Making the most of the Easter holidays with your kids

by Liz Marchant

Since most of us are currently staying indoors, this Easter holiday period is going to look very different for a lot of families, especially when some of the services and activities we’d normally rely on aren’t available.

On the plus side, we now have ample opportunity to spend some much-needed quality time with our kids when often this can be hard to come by. But, with the long hours stretching into days, you may find yourself running out of ideas on how to keep the little ones, and big ones, entertained these Easter holidays.

If you find yourself at a loss for activities over the coming weeks, don’t worry. We’ve done the thinking for you so all you need to do is enjoy the time with your children!


Having time at home with the kids can provide us with a great opportunity to pass on some important life skills including baking and cooking. Dedicate some time out of your work-from-home days with your children to create some of their favourite recipes. You can teach them how to make these recipes themselves in the process. This also provides a great opportunity for kids to understand more about health and nutrition.

As a bonus, consider taking some time to create a family cookbook. Let the kids choose their favourite recipes before baking them together and be sure to take some photographs for posterity. At the end of the holidays, you can collate everything in one place and create a keepsake for your kids to use for years to come.


Ever the popular pastime, Lego remains a big hit for kids young and old. It’s a great rainy-day activity, and one that will keep them entertained for hours inside. Consider setting your kids the task of creating something big over the course of their holidays.

Start them off small and see how long it takes them to build a city, or replicate your suburb, depending on how many Lego blocks you have at your disposal.

For something a little more complex, or for the older kids at home, set them up with some PVA glue and matchsticks/paddle pop sticks and see what they can construct in their spare time. For the kids with a competitive streak, give them some time limits to create something grandiose like a boat, a building, or a famous monument, and let them compete for the top prize. Perhaps the winner gets to choose the next family holiday destination; you might even head off to see their winning monument.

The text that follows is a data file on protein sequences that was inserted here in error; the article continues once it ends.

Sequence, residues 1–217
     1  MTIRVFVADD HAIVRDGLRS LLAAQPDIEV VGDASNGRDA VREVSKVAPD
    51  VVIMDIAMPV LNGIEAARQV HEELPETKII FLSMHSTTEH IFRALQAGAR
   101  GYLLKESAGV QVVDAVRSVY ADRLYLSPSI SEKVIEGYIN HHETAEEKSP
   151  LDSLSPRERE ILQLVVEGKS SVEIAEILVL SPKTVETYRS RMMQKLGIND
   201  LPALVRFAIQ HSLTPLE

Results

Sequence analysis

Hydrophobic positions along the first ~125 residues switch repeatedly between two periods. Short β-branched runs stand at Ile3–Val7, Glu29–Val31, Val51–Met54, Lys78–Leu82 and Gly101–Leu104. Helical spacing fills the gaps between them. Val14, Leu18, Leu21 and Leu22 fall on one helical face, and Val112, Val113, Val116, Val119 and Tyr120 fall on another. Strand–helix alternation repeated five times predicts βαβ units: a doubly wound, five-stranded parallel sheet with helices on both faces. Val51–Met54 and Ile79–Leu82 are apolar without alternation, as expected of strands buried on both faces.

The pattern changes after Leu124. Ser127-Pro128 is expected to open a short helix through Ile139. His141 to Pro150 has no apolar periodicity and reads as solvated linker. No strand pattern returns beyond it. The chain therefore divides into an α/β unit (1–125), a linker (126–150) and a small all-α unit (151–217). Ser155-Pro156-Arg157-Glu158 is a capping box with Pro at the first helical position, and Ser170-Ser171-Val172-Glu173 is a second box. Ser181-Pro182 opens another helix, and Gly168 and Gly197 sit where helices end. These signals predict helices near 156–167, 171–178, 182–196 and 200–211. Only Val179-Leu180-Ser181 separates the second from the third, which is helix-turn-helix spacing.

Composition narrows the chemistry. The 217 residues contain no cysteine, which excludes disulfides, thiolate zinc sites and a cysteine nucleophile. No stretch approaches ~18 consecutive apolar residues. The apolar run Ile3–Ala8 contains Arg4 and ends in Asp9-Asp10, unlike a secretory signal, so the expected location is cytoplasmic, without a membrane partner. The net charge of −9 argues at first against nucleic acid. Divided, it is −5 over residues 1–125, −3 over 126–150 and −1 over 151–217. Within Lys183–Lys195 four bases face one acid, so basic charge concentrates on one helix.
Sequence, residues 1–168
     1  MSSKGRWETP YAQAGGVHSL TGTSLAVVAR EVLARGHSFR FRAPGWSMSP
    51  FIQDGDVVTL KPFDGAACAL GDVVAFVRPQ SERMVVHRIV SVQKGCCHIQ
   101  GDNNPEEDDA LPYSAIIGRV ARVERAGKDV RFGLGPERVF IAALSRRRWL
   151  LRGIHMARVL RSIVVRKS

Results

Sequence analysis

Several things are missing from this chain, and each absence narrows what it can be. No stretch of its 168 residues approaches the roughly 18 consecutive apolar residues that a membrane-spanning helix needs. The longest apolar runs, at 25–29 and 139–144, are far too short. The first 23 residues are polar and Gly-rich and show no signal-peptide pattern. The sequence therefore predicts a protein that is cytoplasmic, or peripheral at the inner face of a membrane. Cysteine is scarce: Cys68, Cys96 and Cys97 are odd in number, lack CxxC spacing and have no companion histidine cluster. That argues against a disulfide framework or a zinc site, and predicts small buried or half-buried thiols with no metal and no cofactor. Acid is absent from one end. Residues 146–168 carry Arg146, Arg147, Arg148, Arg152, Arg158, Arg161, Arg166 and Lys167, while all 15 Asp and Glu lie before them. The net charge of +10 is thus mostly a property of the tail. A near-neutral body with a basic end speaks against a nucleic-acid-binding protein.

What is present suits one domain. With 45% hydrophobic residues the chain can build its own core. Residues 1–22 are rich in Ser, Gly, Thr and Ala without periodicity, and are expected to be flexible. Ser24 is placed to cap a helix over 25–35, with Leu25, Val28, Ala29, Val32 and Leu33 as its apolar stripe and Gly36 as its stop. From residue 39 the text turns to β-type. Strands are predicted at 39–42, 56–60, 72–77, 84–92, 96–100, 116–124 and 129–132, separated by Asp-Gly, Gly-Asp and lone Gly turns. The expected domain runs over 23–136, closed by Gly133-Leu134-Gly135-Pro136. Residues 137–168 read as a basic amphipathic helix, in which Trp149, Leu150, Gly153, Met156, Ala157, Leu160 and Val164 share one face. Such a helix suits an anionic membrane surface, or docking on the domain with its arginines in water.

Easter is a great time for crafts. For example, get your kids to hold their own Easter hat parade in the living room or decorate their own Easter eggs with food dye and paintbrushes.

If they can’t see extended family over the holidays, they can still keep in touch. Set some time aside for an afternoon of scrapbooking and help the kids make up some cards to send to their grandparents, or even to members of the community in the local nursing home (once you’ve called ahead first).

Home cinema

No matter what ages your kids are, they can usually still be entertained with a movie or two on the long days inside. If you want to take this to the next level, set aside some time for crafting and create the perfect at-home indoor or outdoor cinema for them.

There are many how-to guides out there that will help you create a shoebox projector for your smartphone to give the kids a big screen experience in the comfort of your own home. With the help of a blank wall and some strategically placed cushions and blankets, you can set them up for the perfect cinema-going experience, all without leaving the house. They can even make their own movie snacks from the family cookbook.

Easter egg hunt

A key feature of the Easter holidays is, of course, the much-anticipated Easter egg hunt. If you have some extra time on your hands, why not take this to the next level and set up a scavenger hunt for the kids around the house? Leave them some clues from the Easter Bunny and watch them work together to find those precious chocolate eggs you’ve hidden in every corner of the living room.


Just because the kids aren’t at school doesn’t mean they shouldn’t still be reading books. Reading for pleasure is perfect as an individual activity or together. Consider making a reading list with your kids and then reading together during the holidays. Older kids may want to read on their own; this can be a great opportunity to introduce them to books you loved when you were their age. When they’ve finished the book, you can discuss it over lunch or dinner. It’s a great way to get them reading and thinking, and to remind them that you were young once, too!


Get your kids to write and perform a play for you, preferably with roles for everyone in the family. Whether you perform the play for grandparents and friends or use your smartphone to turn it into a short film, this can be a great way to get everyone in the family working together.


Today’s smartphones have exceptional photography capabilities. Why not task your kids with a photography competition. See who can capture the best and most interesting photos of nature, the family pets, everyday objects, or even each other.

If you’re looking for more activities at the end of a long period inside together, consider collecting the photographs of all the activities you’ve done over the holidays and plan a craft day creating a memento for the whole family to enjoy.

It can be a great end-of-holiday treat to sit down together and create a family album or scrapbook of the Easter holidays. You can strengthen your bonds with your kids, spend time together as a family, and even keep them entertained with some glue and glitter for a while as you enjoy a well-deserved break.